Patients with rheumatic and musculoskeletal diseases may need additional vaccines or different versions of vaccines they were not previously recommended to receive, according to updated guidelines from the American College of Rheumatology (ACR) on vaccinations for these patients. The new guidelines pertain to routine vaccinations for adults and children and are based on the most current evidence. They includie recommendations on whether to hold certain medications before or after vaccination. They do not include recommendations regarding COVID-19 vaccines.
For guidance on COVID-19 vaccine timing and frequency, the ACR directs physicians to the CDC’s recommendations for people with mild or severe immunosuppression and the ACR’s previous clinical guidance summary on the topic, videos de mahou shoujo lyrical nanoha last revised in February 2022. The recommendations in the new guidance differ from ACR’s guidance on COVID-19 vaccines on whether and when to hold immunosuppressive medications when patients receive nonlive vaccines.
The main change to the guidelines for children, aside from those related to flu vaccination, is in regard to rotavirus vaccination for infants exposed to tumor necrosis factor (TNF) inhibitors or rituximab in utero. Infants prenatally exposed to rituximab should not receive the rotavirus vaccine until they are older than 6 months. Those exposed prenatally to TNF inhibitors should receive the rotavirus vaccine on time, according to the CDC schedule for all infants.
For adults, the ACR issued the following expanded indications for four vaccines for patients currently taking immunosuppressive medication:
Patients aged 18 and older should receive the recombinant zoster vaccine against shingles.
For patients aged 27–44 who weren’t previously vaccinated against human papillomavirus (HPV), the HPV vaccine is “conditionally recommended.”
Patients younger than 65 should receive the pneumococcal vaccine.
Patients aged 19–64 are conditionally recommended to receive the high-dose or adjuvanted flu vaccine rather than the regular-dose flu vaccine.
The guidelines also conditionally recommend that all patients aged 65 and older who have rheumatic or musculoskeletal diseases receive the high-dose or adjuvanted flu vaccine, regardless of whether they are taking immunosuppressive medication. Another new conditional recommendation is to give multiple vaccinations to patients on the same day, rather than give individual vaccines on different days.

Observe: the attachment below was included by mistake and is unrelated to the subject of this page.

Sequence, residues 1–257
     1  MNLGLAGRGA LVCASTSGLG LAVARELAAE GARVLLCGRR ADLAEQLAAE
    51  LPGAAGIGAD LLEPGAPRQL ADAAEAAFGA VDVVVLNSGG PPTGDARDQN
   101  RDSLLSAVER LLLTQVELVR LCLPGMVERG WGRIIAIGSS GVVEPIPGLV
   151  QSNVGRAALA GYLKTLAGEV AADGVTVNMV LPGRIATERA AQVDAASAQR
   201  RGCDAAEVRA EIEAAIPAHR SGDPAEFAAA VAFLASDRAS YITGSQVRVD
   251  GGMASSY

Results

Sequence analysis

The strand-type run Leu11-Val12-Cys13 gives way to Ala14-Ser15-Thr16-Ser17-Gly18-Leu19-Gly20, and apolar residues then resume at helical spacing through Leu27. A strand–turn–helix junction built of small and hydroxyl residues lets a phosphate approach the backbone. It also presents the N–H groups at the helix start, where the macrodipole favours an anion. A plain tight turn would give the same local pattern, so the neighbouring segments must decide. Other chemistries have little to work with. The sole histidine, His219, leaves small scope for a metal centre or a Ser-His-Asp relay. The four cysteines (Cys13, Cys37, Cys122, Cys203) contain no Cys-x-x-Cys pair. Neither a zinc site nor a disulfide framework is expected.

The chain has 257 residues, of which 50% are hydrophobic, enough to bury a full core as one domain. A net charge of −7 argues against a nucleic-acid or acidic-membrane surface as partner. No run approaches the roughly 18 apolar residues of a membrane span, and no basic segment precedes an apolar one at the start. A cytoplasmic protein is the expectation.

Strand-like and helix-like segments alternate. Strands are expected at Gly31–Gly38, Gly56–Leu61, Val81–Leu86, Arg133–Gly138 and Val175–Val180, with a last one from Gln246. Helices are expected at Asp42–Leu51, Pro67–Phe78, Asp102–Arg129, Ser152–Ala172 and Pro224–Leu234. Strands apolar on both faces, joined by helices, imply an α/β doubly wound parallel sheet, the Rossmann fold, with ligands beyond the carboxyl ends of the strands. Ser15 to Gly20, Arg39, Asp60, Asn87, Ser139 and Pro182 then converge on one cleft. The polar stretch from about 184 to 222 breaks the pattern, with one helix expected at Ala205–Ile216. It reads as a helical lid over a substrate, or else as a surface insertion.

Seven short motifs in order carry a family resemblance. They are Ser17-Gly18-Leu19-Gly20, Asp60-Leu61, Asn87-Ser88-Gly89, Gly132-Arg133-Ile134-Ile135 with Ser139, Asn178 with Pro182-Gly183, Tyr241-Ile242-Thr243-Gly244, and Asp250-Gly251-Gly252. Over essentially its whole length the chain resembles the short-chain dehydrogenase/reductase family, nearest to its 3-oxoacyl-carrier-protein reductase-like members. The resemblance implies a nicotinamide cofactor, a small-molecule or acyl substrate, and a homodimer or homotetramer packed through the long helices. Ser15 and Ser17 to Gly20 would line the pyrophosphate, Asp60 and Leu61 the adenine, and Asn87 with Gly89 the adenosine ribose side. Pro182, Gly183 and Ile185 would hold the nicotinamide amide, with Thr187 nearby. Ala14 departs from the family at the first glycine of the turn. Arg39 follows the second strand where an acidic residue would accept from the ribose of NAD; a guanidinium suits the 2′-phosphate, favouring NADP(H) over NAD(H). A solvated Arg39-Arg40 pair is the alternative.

The guidelines make conditional recommendations regarding flu and nonlive attenuated vaccines for those taking methotrexate, rituximab, or glucocorticoids. Methotrexate should be held for 2 weeks after flu vaccination as long as disease activity allows it, but patients who are taking methotrexate should continue taking it for any other nonlive attenuated vaccinations.
“Non-rheumatology providers, such as general pediatricians and internists, are encouraged to give the influenza vaccination and then consult with the patient’s rheumatology provider about holding methotrexate to avoid a missed vaccination opportunity,” the guidelines state.
Patients taking rituximab should receive the flu vaccine on schedule and continue taking rituximab. However, for these patients, the guidelines recommend to “delay any subsequent rituximab dosing for at least two weeks after influenza vaccination if disease activity allows.” For other nonlive attenuated vaccines, providers should time vaccination for when the next rituximab dose is due and then hold the drug for at least 2 weeks thereafter.
Patients taking less than 20 mg of prednisone daily should still receive the flu vaccine and other nonlive attenuated vaccines. Those taking 20 mg or more of prednisone each day should still receive the flu vaccine, but other vaccines should be deferred until their dose of glucocorticoids has been tapered down to less than 20 mg daily.
Patients taking all other immunosuppressive medications should continue taking them for the flu vaccine and other nonlive attenuated vaccinations, but it is conditionally recommended that live attenuated vaccines be deferred. For any patient with a rheumatic and musculoskeletal disease, regardless of disease activity, it is conditionally recommended that all routine nonlive attenuated vaccines be administered.
For live attenuated virus vaccines, the ACR provides a chart on which immunosuppressive medications to hold and for how long. Glucocorticoids, methotrexate, azathioprine, leflunomide, mycophenolate mofetil, calcineurin inhibitors, and oral cyclophosphamide should all be held 4 weeks before and 4 weeks after administration of a live attenuated vaccine. For those taking JAK inhibitors, the medication should be halted 1 week before administration of a live vaccine and should continue to be withheld for 4 weeks after.
For most other biologics, the ACR recommends holding the medication for one dosing interval before the live vaccine and 4 weeks thereafter. The main exception is rituximab, which should be held for 6 months before a live vaccine and then for 4 more weeks thereafter.
For patients receiving intravenous immunoglobulin, the drug should be held for 8–11 months before they are administered a live attenuated vaccine, depending on the dosage, and then 4 weeks after vaccination, regardless of dosage.
Tara Haelle is an independent science journalist based in Texas who writes about medical research. Find her at @tarahaelle.
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